Arroyo does not throw hard and he’s not a strikeout pitcher, but he’s found a way to succeed in one of the most hitter friendly environments in baseball, Great American Ballpark.…

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Yankees Land Four On ZiPS Projected Top 100 Prospects

If you haven’t noticed, we’ve not only entered prospect season, but we’ve also entered projection season. Today, Dan Szymborski applied his projection system ZiPS to minor league players, and then compared the projections to Keith Law’s top 100 prospect list. The Yankees landed four prospects on this list, far more than we’ll see on any top 100 prospect lists this year.

Gary Sanchez ranked 38th overall (68th on Law’s), J.R. Murphy at 45 (not on Law’s), Mason Williams at 91 (87th on Law’s), and Slade Heathcott at 95 (not on Law’s).

I’m assuming there are a number of reasons for these discrepancies. All four of these players are position players, and I’ve assumed for a while that Yankee hitters are undervalued due to playing in perhaps the most pitcher-friendly system in baseball. Another reason would be the weight of injuries, and I’m not sure how much ZiPS takes into account the injury plagued seasons of Heathcott and Williams. Finally, these ZiPS projections are looking at overall career win contributions, and Keith Law is looking for breakout impact players that could be All Stars.…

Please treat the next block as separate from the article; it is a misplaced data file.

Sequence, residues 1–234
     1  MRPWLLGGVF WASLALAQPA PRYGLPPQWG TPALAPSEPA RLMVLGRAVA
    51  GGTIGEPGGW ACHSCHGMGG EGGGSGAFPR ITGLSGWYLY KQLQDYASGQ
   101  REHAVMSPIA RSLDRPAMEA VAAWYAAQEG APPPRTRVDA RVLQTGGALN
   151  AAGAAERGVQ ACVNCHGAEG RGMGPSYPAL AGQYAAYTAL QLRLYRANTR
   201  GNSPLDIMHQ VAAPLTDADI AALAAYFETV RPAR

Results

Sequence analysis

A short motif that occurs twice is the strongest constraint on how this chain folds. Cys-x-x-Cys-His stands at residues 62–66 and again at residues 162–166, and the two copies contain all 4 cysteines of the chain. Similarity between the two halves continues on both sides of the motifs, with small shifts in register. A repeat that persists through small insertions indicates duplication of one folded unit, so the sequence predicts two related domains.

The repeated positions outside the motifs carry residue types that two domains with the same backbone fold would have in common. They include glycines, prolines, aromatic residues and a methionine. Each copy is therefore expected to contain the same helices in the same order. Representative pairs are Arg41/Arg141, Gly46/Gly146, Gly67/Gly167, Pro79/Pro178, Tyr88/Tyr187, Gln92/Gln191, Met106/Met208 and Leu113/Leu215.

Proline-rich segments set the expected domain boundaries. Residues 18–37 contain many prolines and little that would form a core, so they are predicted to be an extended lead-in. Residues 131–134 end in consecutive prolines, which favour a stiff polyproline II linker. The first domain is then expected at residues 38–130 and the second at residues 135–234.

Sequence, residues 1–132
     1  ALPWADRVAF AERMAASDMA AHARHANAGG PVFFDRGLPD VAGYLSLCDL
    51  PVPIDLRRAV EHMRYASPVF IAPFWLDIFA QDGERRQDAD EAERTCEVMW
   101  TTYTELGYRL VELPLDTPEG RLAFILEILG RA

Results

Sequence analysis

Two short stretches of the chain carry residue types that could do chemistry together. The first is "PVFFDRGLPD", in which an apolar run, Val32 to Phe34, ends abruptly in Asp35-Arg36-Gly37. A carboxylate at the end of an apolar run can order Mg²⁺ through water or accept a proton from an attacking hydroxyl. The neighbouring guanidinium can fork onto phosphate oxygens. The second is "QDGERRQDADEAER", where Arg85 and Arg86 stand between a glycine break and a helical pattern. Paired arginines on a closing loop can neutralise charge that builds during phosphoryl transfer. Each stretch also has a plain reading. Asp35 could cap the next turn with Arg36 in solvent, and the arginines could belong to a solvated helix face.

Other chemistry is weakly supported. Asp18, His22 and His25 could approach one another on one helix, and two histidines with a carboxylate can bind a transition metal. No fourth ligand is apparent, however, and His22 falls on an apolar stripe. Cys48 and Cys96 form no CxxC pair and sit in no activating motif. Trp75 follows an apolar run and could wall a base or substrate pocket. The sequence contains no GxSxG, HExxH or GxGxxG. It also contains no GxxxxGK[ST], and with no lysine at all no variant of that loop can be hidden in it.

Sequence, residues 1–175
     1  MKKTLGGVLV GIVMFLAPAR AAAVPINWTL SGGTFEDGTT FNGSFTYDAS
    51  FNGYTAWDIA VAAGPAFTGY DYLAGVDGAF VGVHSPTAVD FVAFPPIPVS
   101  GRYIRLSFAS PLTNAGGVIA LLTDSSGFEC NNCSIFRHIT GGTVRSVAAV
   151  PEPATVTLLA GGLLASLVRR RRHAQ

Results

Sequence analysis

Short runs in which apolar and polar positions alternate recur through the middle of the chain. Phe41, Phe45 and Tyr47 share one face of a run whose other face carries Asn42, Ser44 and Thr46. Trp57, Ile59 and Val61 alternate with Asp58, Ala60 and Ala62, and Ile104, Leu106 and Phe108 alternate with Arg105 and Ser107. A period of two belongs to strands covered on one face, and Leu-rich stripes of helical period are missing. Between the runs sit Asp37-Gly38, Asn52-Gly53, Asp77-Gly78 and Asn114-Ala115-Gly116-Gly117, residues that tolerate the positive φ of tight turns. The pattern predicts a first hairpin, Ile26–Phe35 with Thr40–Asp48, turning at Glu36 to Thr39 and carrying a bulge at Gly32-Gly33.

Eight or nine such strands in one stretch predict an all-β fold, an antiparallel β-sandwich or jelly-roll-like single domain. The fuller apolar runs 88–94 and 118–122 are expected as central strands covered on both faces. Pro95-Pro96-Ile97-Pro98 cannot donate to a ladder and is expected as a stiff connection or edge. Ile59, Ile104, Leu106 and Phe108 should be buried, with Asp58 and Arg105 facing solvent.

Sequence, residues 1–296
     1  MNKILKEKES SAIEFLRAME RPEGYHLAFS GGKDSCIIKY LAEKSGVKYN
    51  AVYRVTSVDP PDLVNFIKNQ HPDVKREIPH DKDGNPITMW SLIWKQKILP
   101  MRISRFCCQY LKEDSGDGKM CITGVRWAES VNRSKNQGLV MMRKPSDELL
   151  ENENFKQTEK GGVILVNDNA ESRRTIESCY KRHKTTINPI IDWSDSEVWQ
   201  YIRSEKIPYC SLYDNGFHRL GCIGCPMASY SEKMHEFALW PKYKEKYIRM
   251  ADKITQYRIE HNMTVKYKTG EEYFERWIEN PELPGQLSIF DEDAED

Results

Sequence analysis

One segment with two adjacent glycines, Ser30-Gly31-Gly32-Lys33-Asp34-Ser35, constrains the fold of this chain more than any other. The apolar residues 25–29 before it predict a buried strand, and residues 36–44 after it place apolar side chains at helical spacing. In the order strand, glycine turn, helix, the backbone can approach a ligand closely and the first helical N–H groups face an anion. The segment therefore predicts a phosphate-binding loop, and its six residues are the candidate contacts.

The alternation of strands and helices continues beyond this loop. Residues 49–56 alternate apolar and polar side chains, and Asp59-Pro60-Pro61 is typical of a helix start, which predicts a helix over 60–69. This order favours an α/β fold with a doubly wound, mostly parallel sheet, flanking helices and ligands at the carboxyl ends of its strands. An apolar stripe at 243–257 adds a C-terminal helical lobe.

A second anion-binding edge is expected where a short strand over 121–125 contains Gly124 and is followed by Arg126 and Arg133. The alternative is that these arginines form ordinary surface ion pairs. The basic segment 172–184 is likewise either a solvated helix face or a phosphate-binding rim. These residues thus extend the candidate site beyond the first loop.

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Projecting 2014: Hiroki Kuroda

It’s easy to forget just how good Hiroki Kuroda was in 2013. From April 3rd until August 12th, Kuroda was not only the Yankees’ best pitcher, he was a legitimate contender for the Cy Young award with a 2.33 ERA over his first 154.2 innings. Over his last 8 starts, Kuroda looked like he ran out of juice. The 38 year old pitcher owned a 6.56 ERA over those 46.2 innings, yet his strikeout rates continued to accumulate. Kuroda finished the 2013 season with a 3.31 ERA, but it’s not easy to convince Yankee fans that he’ll be capable of replicating that in 2014. His demise this August and September was similar to his late-season regression in 2012, and now we’re left wondering if Kuroda is too old to throw 200 major league innings.

To get to the bottom of Kuroda’s drop off, we should look to his walk rates. In his first 25 starts of the season, Kuroda walked just 29 batters, yet in his final 8 games, he walked 14.…